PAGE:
Breaking down walls between organic and inorganic
At a time when many chemists such as Jons Jacob Berzelius insisted on a hard and fast separation between the organic and inorganic, Liebig argued that "...the production of all organic substances no longer belongs just to the organism. It must be viewed as not only probable but as certain that we shall produce them in our laboratories. Sugar, salicin [aspirin], and morphine will be artificially produced." (Liebig and Wöhler, 1838).
Liebig's arguments against any chemical distinction between living (physiological) and dead chemical processes proved a great inspiration to several of his students and others who were interested in materialism.
In 1835 Liebig invented a process for silvering that greatly improved the utility of mirrors. He used silver nitrate, prepared in a form in which the silver can be easily precipitated upon a surface by the addition of a solution of sugar. The process was used to improve mirrors in microscopes and later, in telescopes.
Liebig is also credited with the notion that "searing meat seals in the juices." This idea, still widely believed, is not true.
The University of Giessen today is officially named after him, "Justus-Liebig-Universität-Giessen".
Liebig's most important contribution was the training of a generation of scientists who carried on his work and who were inspired to artificially produce a myriad of synthetic compounds. The fields of organic chemistry, biochemistry and molecular biology can be traced to Liebig's researches and his ideas on the chemical basis of the life sciences.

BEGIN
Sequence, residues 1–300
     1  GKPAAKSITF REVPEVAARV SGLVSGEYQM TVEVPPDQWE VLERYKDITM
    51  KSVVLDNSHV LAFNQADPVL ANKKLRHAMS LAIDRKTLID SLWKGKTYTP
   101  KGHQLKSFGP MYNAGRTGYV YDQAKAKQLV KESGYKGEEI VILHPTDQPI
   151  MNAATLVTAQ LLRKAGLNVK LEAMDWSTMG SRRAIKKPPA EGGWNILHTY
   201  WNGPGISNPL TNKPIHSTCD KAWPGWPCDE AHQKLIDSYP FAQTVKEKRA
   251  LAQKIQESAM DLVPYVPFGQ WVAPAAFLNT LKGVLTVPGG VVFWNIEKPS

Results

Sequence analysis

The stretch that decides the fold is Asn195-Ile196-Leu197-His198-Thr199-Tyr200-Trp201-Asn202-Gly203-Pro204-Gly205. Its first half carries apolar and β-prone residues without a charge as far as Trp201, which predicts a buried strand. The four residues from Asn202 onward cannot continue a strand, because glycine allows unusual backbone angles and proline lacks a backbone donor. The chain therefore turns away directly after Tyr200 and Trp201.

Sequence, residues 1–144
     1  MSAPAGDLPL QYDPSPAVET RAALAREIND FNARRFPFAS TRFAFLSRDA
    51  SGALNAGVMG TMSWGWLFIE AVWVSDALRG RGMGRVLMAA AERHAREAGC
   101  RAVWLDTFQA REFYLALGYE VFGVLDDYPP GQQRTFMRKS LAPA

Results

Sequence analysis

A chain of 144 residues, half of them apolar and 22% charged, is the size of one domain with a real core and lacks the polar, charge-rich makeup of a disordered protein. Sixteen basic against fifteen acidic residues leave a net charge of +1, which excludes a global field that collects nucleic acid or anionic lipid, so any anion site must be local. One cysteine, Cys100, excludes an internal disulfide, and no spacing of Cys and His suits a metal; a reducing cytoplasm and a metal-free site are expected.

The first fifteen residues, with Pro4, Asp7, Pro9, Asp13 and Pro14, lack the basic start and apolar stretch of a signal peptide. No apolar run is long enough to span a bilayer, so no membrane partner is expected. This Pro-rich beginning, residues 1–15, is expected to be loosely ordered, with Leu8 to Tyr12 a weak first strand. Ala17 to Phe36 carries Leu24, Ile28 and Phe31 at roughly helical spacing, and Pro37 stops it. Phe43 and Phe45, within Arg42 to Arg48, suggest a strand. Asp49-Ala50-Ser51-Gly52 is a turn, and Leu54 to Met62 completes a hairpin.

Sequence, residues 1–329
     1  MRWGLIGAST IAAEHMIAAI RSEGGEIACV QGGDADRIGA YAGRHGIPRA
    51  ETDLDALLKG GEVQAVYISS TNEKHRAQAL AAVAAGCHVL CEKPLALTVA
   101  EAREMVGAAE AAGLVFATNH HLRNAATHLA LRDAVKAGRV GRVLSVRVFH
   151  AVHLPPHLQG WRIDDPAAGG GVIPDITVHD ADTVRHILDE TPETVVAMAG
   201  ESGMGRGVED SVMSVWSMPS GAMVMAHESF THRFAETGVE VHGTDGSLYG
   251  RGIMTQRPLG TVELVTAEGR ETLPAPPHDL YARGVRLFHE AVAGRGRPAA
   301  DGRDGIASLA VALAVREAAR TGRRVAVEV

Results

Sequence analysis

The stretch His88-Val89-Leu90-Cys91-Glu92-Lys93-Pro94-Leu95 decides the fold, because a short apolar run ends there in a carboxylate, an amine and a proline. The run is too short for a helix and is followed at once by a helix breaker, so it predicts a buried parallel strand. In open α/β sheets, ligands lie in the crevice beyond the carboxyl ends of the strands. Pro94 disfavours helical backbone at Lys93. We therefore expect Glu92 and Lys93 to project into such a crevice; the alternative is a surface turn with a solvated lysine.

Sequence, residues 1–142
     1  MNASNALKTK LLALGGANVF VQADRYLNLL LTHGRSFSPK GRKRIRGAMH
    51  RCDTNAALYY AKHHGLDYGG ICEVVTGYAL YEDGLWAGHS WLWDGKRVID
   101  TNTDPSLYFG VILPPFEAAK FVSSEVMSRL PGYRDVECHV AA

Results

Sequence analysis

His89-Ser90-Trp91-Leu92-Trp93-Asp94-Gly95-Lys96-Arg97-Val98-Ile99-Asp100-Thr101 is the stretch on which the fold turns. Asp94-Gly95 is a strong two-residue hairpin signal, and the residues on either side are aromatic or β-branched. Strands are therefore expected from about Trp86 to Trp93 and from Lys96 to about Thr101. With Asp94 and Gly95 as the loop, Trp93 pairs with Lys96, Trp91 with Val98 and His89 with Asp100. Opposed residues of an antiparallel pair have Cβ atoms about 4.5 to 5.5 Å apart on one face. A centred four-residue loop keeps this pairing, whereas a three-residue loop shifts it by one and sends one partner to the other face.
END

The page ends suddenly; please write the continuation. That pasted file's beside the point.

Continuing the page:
Certainly, Liebig's influence was felt, not only in his teaching, but also in his editorship of the influential journal that he published. His high-handed attitude regarding his own discoveries often put him at odds with other scientists, including his own research partner, Wohler, who expressed concern that his work was not properly credited. Liebig did not seem to be fazed by these infringements in acceptable behavior.
Liebig often barked his findings, and caused much controversy in his time. His ideas were not always well-formulated, and even though far reaching, they caused a great deal of controversy that inhibited their immediate acceptance. Liebig did not always come down on the right side of a debate, as is evidenced by his opposition to Pasteur's ideas.
Still, at the end of his life, he was respected as a giant in his field, both as a prodigious researcher and a pioneering educational administrator and publisher.
- Organic Chemistry in its Application to Agriculture and Physiology (1840)
- Organic Chemistry in its Application to Physiology and Pathology (1842)
- Familiar Letters on Chemistry (1843)
- ↑ McGee, Harold, ‘’On Food and Cooking (Revised Edition)’’ (Scribner, 2004, ISBN 0-684-80001-2), 161.
- Brock, William Hodson. 1997. Justus Von Liebig: The Chemical Gatekeeper. Cambridge, UK: Cambridge University Press. ISBN 0521524733
- Charles, William. 1854. Memoirs of the Life and Scientific Researches of John Dalton. London: Cavendish Society. 110.
- Daintith, John, Sarah Mitchell, Elizabeth Tootill, and Gjersten Derek. 1994. A Biographical Encyclopedia of Scientists. Bristol, UK: Institute of Physics Publishing. ISBN 0750302852
- Tilden, William. 1921. Famous Chemists: The Men and Their Work. London: George Routledge and Sons.